Yesterday’s writers had to have many books on hand, some of them called tomes because they were so large. Today, much information we need is available with a few keystrokes and mouse clicks on-line. Here are some great tools with their perks. But as always, be careful out there. With more good information, there comes more bad information, and even information overload. I believe in the old (not so sure it’s used very much anymore) journalism rule about having three reliable sources before publishing. Research is needed more than ever for fiction writers because many readers do reviews and will downgrade us if we get our facts wrong, especially about weapons and police procedure, I’ve noticed. I saw where one writer got the year a song came out long ago wrong and was called on it. Check those little facts, and the big ones. Our memories for such details are often a bit off.
Here’s a list of sources I’ve found useful, mostly on-line.
THESAURAS AND DICTIONARY:
Or buy the book. Handy, but many of today’s dictionaries also include synonyms and are easier to use, such as:
Highlight a word anywhere on your screen, click on WordWeb in your task bar, and the highlighted word usually will enter the dictionary automatically, giving you the definition plus other information, such as synonyms. I only found this little trick by accident. Now you know about it, too. And of course, you can simply type a word into the search line, and if it’s not spelled correctly, a list of words that are close pops up. There’s a free home version and a paid pro version. Your pick. Highly recommended for ease of use.
Chicago Manual of Style
If writing fiction http://www.chicagomanualofstyle.org/home.html
$35/year subscription. You can of course, also buy the book ($65 on their site, but I’m sure you can find it used for much less). Actually, I like having a hardcopy for browsing—I bought one a few years ago. But the on-line version lets you make notes and style sheets. Having both would be heaven.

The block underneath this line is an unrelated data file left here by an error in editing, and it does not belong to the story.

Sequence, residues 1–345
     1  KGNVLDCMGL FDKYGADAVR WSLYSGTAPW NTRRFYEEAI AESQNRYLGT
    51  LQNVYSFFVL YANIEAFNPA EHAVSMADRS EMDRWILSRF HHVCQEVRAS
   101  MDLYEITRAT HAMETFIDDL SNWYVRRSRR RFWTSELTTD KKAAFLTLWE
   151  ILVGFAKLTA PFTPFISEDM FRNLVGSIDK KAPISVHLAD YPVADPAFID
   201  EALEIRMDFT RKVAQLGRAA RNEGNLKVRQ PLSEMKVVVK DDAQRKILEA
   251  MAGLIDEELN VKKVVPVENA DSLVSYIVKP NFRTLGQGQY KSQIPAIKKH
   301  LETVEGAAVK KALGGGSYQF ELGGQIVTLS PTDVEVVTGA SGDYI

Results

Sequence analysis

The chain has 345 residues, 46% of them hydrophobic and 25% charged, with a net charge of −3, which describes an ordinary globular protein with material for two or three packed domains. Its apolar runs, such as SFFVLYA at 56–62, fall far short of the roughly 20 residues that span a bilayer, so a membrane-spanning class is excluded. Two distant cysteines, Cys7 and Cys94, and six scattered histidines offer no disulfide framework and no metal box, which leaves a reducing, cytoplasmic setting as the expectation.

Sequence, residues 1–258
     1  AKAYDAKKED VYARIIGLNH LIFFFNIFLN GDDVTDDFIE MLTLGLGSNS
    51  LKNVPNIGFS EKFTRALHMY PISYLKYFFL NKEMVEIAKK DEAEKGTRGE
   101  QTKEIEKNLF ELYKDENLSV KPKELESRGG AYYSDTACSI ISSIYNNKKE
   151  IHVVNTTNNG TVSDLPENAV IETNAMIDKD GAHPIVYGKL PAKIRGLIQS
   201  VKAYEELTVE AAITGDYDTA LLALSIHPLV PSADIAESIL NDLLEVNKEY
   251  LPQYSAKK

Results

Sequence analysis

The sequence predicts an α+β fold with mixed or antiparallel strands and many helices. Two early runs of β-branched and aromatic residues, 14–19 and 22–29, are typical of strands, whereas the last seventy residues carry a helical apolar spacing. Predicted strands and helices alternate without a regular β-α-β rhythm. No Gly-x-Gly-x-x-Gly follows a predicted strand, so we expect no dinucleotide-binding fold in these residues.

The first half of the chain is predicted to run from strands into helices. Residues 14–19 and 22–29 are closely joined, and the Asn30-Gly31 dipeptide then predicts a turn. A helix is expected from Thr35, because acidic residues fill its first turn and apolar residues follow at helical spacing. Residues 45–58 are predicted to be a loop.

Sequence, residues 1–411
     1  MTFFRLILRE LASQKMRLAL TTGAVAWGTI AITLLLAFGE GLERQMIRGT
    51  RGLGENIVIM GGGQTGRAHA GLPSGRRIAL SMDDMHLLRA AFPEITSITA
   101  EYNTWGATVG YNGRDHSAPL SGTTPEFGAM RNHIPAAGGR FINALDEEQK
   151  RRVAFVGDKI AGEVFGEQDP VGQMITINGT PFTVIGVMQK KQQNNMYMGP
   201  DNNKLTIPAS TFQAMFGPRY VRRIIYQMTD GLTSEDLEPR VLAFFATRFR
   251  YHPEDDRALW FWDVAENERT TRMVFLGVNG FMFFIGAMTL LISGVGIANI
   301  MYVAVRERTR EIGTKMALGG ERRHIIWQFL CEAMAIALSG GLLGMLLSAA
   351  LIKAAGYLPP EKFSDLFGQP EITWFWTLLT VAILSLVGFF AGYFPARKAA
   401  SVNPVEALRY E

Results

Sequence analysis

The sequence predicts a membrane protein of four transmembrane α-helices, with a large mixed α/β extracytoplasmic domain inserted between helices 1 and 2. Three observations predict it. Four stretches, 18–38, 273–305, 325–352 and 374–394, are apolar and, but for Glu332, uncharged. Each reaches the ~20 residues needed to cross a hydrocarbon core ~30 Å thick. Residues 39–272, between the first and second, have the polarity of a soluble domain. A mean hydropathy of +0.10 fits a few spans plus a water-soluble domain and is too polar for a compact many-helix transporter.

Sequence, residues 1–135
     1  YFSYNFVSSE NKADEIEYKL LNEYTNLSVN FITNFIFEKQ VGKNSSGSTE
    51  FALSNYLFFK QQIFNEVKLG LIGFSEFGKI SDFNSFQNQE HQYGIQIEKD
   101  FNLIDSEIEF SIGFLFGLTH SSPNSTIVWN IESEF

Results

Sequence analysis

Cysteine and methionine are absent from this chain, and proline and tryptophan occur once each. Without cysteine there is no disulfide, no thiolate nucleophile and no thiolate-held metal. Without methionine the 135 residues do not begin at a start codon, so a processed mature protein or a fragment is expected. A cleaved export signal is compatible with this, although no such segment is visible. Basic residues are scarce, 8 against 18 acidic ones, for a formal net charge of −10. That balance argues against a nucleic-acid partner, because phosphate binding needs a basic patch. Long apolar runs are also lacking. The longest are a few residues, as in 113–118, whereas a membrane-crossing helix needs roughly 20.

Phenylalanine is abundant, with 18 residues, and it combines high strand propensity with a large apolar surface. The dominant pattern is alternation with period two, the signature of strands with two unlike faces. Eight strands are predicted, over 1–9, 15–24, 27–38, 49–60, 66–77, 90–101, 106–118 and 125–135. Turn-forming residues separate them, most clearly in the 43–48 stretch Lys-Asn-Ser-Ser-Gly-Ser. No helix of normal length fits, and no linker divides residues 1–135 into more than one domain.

Strunk and White
Now a bit controversial. No official on-line site, but if you search for it on-line, you will find many sites that discuss it. I like to use it as a fallback guide. At least you can always quote it if someone questions you. And it’s short, very short.
AP Guide for Journalism
$29.95 for the print edition, but there are also on-line subscriptions for $26. Check the site for details. Some styles are different, though, for journalists and writers of fiction. Beware, double check with Chicago Manual of Style before doing what the AP Guide says to do if you’re writing fiction.
SOME ON-LINE ENCYCLOPEDIAS:
Free. This one is also tricky. Be sure to double/triple check references and to find other reputable sites that agree with Wikipedia. Beware of entries that Wikipedia itself says need work and references. I find it’s a good starting-off place and use it all the time for casual stuff, but I double check if I’m writing something for publication. Be aware that it’s not all written by experts or people who do good research. Look for citations there. Those could lead to very good sources. Remember the old adage: Consider the source.
19 cents a day, so a 365-day year costs $69.35/year after a 7-day free trail. Great reputation, but I’ve never used it.
Limited to what the Smithsonian exhibits, as far as I could tell. Free, which is nice. I’d certainly trust it.
Many choices–on-line, print, books for children here.
Free. Has a good reputation, but it’s always wise to get another two sources for back-up.
No, not the TV show, although if you search Google, that’s all that shows up on the first page. But I’ll leave you to search out what you’d need. There’s an on-line edition for over $200, books at Amazon and other on-line bookstores, and your local bookstore might even have what you need.
And some final advice: Learn to use Advanced Google Search. Start here:
Do you have research links you visit often? Print books you refer to often? Please share them in the comments. Thanks!